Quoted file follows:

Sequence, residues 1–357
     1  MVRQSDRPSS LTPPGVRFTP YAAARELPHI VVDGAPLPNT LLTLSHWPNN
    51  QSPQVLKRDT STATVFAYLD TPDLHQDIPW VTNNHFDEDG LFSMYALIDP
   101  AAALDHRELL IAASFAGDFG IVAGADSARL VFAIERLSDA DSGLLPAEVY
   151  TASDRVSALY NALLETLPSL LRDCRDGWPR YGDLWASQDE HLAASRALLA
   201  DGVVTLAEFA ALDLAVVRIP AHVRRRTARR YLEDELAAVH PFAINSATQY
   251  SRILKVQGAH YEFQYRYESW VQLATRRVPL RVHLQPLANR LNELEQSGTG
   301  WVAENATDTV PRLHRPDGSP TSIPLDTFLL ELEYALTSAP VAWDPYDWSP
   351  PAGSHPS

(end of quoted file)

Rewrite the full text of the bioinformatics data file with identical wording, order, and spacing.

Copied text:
Sequence, residues 1–357
     1  MVRQSDRPSS LTPPGVRFTP YAAARELPHI VVDGAPLPNT LLTLSHWPNN
    51  QSPQVLKRDT STATVFAYLD TPDLHQDIPW VTNNHFDEDG LFSMYALIDP
   101  AAALDHRELL IAASFAGDFG IVAGADSARL VFAIERLSDA DSGLLPAEVY
   151  TASDRVSALY NALLETLPSL LRDCRDGWPR YGDLWASQDE HLAASRALLA
   201  DGVVTLAEFA ALDLAVVRIP AHVRRRTARR YLEDELAAVH PFAINSATQY
   251  SRILKVQGAH YEFQYRYESW VQLATRRVPL RVHLQPLANR LNELEQSGTG
   301  WVAENATDTV PRLHRPDGSP TSIPLDTFLL ELEYALTSAP VAWDPYDWSP
   351  PAGSHPS